• Increase the levels of water and fibre you are consuming – by drinking 4 pints of filtered water, eating at least seven portions of vegetables and adding in beans and lentils each day will help to rid the body of toxins.
  • Include fermented foods such as sauerkraut or kefir in your diet as these contain high levels of beneficial bacteria to support the gut flora balance, help to keep the lining of the gut healthy and improve metabolism.
  • Reduce toxins by eating more antioxidant foods, such as a rainbow of different coloured fruits and vegetables. Swap fruits, vegetables, meats and fish to organic where possible.
  • Eliminate stimulants such as alcohol, caffeine and sugar when cleansing the gut, as these can all cause inflammation. Try swapping your caffeine fix for herbal teas such as fennel or camomile.

What is the best supplement for gut health?

Each individual has a unique microbiome and the type of supplement you may benefit from can depend on what you are hoping to achieve by improving your gut health.

Looking after your gut helps to build resilience when it comes to whole body health which is why there are various supplements available which can more precisely target specific concerns such as the immune system, mental health and intimate health.

“For instance, if you are hoping to keep illnesses at bay, supplements containing zinc, magnesium, vitamins A, C and D, polyphenols (such as elderberry) and live bacteria supplements, can all help to support both the gut and the immune system”, advises Kim.

“In general, taking a multi-strain live bacteria supplement such as Bio-Kult Everyday (£10.48 for 30 capsules) will target the digestive system with gut-friendly bacteria strains to complement your existing gut flora, and is a good choice to make life a little more digestible.

With the level of supplements on the market, you may wish to have a chat with a registered nutrition practitioner for personalised advice.”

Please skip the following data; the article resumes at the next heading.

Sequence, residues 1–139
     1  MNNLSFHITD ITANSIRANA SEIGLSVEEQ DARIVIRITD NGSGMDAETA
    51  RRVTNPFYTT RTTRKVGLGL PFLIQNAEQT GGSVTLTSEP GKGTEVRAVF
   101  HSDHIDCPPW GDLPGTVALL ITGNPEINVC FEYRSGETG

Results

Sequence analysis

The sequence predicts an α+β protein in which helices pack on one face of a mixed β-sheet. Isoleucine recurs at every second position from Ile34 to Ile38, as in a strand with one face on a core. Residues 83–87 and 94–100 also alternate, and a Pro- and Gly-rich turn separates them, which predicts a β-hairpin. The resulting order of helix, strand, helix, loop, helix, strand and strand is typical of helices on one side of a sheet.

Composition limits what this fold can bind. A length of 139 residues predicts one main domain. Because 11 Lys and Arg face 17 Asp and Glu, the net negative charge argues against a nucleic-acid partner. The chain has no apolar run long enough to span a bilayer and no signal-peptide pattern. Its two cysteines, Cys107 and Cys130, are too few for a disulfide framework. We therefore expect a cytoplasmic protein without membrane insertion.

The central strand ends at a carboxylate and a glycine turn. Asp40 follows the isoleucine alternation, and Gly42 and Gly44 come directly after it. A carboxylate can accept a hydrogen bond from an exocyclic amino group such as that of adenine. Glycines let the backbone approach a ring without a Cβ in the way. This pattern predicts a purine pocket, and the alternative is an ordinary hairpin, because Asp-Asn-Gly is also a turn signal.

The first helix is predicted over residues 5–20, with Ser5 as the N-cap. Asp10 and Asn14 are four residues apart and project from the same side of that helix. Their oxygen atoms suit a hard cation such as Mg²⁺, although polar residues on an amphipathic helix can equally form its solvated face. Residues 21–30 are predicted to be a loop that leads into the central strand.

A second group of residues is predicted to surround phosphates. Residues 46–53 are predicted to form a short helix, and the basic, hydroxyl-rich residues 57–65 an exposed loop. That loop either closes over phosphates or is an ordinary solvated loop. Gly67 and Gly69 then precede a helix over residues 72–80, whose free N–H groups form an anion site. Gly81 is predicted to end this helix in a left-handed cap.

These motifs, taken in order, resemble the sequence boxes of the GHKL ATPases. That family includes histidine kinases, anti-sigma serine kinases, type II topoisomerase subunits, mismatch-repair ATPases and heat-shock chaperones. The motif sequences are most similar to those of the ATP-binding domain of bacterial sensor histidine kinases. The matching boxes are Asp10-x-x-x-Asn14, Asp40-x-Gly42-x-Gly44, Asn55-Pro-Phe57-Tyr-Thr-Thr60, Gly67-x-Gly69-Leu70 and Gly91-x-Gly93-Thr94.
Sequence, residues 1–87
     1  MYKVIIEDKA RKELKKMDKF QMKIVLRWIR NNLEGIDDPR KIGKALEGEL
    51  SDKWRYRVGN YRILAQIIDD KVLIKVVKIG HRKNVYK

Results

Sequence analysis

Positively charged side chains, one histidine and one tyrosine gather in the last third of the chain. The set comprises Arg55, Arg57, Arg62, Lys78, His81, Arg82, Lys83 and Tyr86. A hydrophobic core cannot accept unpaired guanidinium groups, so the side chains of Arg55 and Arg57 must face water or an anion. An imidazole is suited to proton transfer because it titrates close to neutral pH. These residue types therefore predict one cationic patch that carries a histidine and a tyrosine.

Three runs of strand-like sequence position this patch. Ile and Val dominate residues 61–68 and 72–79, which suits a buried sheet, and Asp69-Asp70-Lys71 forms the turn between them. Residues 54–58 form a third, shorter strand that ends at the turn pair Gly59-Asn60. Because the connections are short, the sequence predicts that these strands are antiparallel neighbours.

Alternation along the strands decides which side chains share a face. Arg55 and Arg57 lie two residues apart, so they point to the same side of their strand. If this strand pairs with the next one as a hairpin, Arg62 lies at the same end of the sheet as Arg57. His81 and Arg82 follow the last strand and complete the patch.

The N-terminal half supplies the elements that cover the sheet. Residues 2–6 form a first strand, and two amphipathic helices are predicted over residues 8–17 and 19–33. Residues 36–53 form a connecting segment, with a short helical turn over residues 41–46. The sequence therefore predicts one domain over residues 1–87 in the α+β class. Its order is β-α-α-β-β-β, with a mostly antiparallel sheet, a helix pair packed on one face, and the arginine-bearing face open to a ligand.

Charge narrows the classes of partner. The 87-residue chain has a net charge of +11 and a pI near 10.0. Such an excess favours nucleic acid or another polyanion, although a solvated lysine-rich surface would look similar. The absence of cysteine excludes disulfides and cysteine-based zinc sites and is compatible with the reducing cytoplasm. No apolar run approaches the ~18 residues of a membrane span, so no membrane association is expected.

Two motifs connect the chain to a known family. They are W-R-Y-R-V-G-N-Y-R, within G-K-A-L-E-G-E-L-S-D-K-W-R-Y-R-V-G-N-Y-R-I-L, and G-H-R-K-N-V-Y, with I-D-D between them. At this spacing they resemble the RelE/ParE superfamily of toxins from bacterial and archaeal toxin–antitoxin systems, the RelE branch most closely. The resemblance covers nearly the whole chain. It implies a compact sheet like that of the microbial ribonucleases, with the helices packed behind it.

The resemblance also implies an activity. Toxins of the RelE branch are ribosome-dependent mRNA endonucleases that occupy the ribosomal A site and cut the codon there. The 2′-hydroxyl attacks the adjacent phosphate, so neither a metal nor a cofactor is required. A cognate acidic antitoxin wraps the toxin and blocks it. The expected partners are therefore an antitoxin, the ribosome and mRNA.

What foods to avoid to fix your gut?

“The increase of UPFs (ultra-processed foods) in our diet has had a significant impact on digestive health.

For example, emulsifiers are commonly used in many food products, they bind fats to water and act like a detergent, scrubbing out the healthy mucus layer in our gut and fostering the growth of unfriendly bacteria.

Diets based on refined foods high in fat and sugar and low in fibre have also been shown to cause dysbiosis (an imbalance of bacteria) in the gut and negatively impact the immune system”, Kim explains, advising key foods to avoid when healing your gut:

  • Keep ‘slimming’ products to a minimum. They tend to have very long ingredient lists, are low in beneficial fats and often contain sweeteners.
  • Avoid shop-bought bread; instead, try to buy bread from a quality bakery. Sourdough is particularly good as it only contains 2-3 ingredients and takes some chewing, which is beneficial for bone growth in the jaw and the release of appetite-related hormones, stopping you from overeating.
  • Instead of buying pre-bottled sauces and condiments, make your own. Pre-bottled varieties such as for pasta or stir-fry tend to be particularly high in sugar, salt and additives.

Visit Bio-Kult to learn more about the link between your gut health and whole body health.